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(Natural News) Back in March of 2011, the province of Fukushima, Japan, was struck by a series of devastating events that culminated in one of the worst nuclear disasters in history. The area was hit first by a massive earthquake, and then by a 15-metre (50-foot) tsunami. That massive tsunami, in turn, disabled the power supply and cooling functions at the Daiichi nuclear power plant, which finally triggered a nuclear accident on the 11th of March that was rated a 7 on the INES scale. Four nuclear reactors were destroyed, and clean-up work has been ongoing ever since.
Experts estimate that the task of decommissioning the plant and cleaning up the site will take upwards of four decades and cost billions of yen to complete.
In August of this year, news agencies reported that work had commenced at the plant to dismantle a highly contaminated, unstable exhaust stack. Before the disaster, the 110m (360 foot) high exhaust stack was used for the No. 1 and 2 reactors, and dismantling it is seen as a crucial part of the decommissioning work.
The Tokyo Electric Power Company (TEPCO), responsible for getting the cleanup work done, decided that the dismantling work would have to be done via crane and remote control because of the incredibly high levels of radiation surrounding the stack. Even at the base of the stack radiation levels have been deemed to be too high for humans to work in.
Workers exposed to extremely high levels of radiation
As reported by Strange Sounds, after the robotic remote-controlled equipment failed, humans had to be sent in to assist with cutting the cylinder body:
Some weird stuff is happening at the TEPCO’s Fukushima Daiichi Nuclear Power Plant right now. While Japan has decided to drop radioactive water in the ocean, Tepco sent humans to repair where robots failed. …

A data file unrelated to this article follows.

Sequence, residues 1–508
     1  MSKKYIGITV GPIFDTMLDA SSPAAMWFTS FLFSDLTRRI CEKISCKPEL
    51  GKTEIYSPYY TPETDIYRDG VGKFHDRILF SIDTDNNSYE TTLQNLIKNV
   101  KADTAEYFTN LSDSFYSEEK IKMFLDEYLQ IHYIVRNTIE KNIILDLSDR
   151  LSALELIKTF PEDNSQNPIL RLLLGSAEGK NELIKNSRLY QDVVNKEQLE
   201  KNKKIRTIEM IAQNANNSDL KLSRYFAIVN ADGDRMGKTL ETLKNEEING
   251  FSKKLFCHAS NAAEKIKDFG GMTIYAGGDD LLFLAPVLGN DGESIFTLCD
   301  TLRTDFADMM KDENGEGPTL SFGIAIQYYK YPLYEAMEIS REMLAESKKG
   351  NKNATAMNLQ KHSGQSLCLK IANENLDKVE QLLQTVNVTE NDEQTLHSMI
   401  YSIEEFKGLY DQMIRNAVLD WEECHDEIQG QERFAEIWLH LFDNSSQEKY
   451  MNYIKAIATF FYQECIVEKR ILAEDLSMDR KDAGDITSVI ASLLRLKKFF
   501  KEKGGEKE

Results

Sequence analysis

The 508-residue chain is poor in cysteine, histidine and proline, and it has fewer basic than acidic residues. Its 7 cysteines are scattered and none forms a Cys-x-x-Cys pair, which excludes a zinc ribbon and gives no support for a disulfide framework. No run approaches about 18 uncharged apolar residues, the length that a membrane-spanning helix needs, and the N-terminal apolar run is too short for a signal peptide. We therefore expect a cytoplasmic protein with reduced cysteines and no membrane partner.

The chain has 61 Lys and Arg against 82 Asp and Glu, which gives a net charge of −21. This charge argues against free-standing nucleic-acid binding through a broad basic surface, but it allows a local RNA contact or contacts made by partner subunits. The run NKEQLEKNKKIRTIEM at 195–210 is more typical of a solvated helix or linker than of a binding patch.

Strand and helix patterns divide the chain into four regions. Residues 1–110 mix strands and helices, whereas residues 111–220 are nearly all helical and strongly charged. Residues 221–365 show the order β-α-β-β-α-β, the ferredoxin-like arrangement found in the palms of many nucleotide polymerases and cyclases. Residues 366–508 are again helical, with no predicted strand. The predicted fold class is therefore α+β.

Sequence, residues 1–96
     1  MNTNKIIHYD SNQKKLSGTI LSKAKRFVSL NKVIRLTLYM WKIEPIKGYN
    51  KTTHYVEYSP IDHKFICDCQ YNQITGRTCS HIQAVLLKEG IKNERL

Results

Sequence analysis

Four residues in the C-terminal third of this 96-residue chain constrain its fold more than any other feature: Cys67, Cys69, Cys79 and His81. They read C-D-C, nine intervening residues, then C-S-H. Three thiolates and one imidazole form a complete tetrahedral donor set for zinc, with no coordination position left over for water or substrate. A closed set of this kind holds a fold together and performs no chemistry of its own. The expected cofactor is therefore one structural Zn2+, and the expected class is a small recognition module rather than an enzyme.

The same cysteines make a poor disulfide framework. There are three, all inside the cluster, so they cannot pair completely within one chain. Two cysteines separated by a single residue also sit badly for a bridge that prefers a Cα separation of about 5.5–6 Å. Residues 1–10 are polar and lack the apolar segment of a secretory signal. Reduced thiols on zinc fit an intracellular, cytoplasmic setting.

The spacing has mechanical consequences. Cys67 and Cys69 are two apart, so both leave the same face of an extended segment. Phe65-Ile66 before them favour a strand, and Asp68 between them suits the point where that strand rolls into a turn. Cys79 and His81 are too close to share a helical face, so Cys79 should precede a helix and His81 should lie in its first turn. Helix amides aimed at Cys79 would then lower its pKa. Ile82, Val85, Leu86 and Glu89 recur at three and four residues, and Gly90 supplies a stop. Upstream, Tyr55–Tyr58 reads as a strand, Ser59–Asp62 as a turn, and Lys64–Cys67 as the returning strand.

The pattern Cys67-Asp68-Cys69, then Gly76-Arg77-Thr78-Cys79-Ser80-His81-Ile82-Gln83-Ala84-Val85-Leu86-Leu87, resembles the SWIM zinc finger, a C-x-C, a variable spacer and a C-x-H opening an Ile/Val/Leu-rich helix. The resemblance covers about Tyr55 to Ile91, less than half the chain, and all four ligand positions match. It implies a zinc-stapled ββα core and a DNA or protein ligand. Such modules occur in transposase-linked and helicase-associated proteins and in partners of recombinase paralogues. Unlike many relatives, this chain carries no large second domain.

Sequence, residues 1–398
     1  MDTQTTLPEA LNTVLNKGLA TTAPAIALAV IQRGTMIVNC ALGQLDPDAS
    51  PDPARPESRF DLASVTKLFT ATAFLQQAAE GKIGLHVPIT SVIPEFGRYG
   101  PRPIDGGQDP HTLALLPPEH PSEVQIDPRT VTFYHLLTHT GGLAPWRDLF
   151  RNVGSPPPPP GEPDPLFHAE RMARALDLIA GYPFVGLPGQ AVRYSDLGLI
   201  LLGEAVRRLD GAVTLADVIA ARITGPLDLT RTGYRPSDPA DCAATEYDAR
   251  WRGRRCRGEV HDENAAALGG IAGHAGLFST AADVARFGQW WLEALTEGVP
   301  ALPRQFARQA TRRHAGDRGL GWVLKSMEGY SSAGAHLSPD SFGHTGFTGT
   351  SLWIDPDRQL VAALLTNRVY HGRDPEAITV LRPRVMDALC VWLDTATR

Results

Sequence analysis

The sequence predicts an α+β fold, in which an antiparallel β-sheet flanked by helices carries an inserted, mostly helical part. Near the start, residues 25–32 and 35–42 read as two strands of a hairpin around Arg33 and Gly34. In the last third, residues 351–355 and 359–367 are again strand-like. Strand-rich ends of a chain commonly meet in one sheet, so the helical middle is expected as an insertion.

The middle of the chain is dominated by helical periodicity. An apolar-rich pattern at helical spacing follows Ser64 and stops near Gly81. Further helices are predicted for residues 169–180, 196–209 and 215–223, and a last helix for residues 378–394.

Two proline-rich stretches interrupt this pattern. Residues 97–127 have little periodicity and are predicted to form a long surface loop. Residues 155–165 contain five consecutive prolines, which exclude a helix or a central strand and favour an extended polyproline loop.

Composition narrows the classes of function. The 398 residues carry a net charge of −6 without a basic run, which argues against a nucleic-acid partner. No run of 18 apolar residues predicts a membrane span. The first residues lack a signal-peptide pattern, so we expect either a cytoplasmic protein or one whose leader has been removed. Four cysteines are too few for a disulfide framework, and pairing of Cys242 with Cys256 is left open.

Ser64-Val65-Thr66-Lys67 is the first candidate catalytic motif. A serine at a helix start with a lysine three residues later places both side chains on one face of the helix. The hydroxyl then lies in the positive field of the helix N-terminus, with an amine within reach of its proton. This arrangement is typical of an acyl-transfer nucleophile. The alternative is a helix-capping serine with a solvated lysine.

The workers at the top of 110-m high Fukushima Dai-ichi vent stack were exposed to an estimated 810 ?Sv, making this action an emergency response.
According to Japanese sources, work initially commenced late in the afternoon of the 3rd, when three workers were lifted by crane to the cutting device located at the top of the cylinder. The workers were busy for around three hours, all the while wearing protective masks to cover their faces. Work had to be suspended in the evening over concerns about strong winds that had come up.
The following morning, another three workers climbed up to the cutting device where they refueled the generator. Within 4.5 hours, exposure levels had increased to 0.47 mSv.
TEPCO plans to cut the cylinder body of the exhaust pipe into sections of between 2 and 4 meters at a time, and estimates that its size will have halved by March 2020.
Since TEPCO officials were initially adamant that humans should not be involved in this work at all because of the dangerously high radiation levels involved, it can only be hoped that the robotic equipment will not fail again before the project is completed. Stay abreast of the latest developments at Fukushima.news. (Click to Source)
The Associated Press, Tokyo – Monday, 23 December 2019
Japan’s economy and industry ministry has proposed gradually releasing or allowing to evaporate massive amounts of treated but still radioactive water at the tsunami-wrecked Fukushima nuclear plant.
The proposal made Monday to a body of experts is the first time the ministry has narrowed down the options available to just releasing the water. It is meant to tackle a huge headache for the plant’s operator as storage space runs out, despite fears of a backlash from the public.
Nearly nine years after the 2011 triple meltdowns at Fukushima Dai-ichi, the radioactive water is still accumulating as the water is needed to keep the cores cooled and minimize leaks from the damaged reactors.
For years, a government panel has been discussing ways to handle the crisis and to reassure fishermen and residents who fear potential health impacts from releasing the radioactive water as well as harm to the region’s image.